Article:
The goals for treatment for osteoarthritis are:
The treatment for OA depends on the severity of the disease and the patient’s own lifestyle expectations.
Early cases of OA can generally be treated with:
In OA of the hand, rest can be accomplished by selectively immobilising the joint in a splint. Splinting is initially done for a period of 3 - 4 weeks, during which the splint is worn continuously.
This is usually combined with non-steroidal anti-inflammatory medication (NSAIDs) taken at the same time. If there is improvement in symptoms, use of the splint during the day is progressively diminished over the course of the coming month/s.
Use of NSAIDS
Types of medication
The most commonly prescribed medications are painkillers. The type of painkiller prescribed depends on the severity of the pain. For early disease with mild and occasional pain, simple painkillers such as paracetamol (Panadol®) can be effective, although more severe pain may require the use of non-steroidal anti-inflammatory drugs (NSAID’s) for relief. Analgesic (painkillers) creams and adhesive patches can also be used.
Glucosamine, with or without chondroitin, has also become a popular drug treatment in recent years. It can be purchased without a doctor’s prescription.
However, it is ineffective in many patients, especially those with severe OA. The duration of its symptomatic relief also tends to be temporary. There is no evidence that glucosamine or chondroitin is able to result in cartilage repair.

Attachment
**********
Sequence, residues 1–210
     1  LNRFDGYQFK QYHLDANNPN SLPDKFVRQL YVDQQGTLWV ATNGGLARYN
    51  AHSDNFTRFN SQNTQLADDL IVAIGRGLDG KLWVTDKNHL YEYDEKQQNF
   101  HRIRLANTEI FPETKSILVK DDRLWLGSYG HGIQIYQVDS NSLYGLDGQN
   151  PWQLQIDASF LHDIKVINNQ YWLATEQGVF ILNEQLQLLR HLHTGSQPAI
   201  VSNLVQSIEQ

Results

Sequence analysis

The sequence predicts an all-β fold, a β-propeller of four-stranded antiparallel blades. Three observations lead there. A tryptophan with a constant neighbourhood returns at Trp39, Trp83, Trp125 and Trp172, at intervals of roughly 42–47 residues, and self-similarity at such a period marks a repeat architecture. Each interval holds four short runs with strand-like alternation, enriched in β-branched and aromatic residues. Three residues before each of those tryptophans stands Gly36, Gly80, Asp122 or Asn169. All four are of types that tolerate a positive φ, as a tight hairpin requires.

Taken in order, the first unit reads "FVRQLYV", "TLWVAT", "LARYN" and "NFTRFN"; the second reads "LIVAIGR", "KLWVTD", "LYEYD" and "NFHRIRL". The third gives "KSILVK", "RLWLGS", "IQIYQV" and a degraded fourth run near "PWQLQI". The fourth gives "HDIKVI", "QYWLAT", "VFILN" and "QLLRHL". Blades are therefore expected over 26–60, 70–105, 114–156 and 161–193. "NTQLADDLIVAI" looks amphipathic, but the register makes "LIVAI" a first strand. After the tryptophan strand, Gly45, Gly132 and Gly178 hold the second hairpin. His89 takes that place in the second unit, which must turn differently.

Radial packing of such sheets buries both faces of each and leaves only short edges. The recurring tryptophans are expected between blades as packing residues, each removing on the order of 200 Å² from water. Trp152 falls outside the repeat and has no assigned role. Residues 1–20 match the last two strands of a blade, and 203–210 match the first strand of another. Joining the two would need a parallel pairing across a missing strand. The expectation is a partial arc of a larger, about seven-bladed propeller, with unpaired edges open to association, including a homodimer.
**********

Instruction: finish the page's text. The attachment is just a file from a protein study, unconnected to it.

For the treatment of OA, your doctor may sometimes recommend a steroid injection into or around the joint if you have not responded to conservative treatment indicated above. While pain relief can be impressive, it is usually only temporary, and your doctor will limit the number of steroid injections that you can receive as repetitive injections can weaken tendons further worsening the already damaged cartilage.
Surgery is usually only offered for severe disease that has not responded to conservative treatments mentioned. Both the type of surgery and the decision for surgery are made following careful discussions between you and your doctor.
For many joints in the hands, arthodesis or fusion of the joint is the method of choice. In joint fusion, the arthritic surface is removed and bones on either side of the joint are fused to eliminate movement from the problem joint.
There may be some loss of movement but the pain ablation and stability may functionally improve the joint that is severely affected by the degenerative joint disease.
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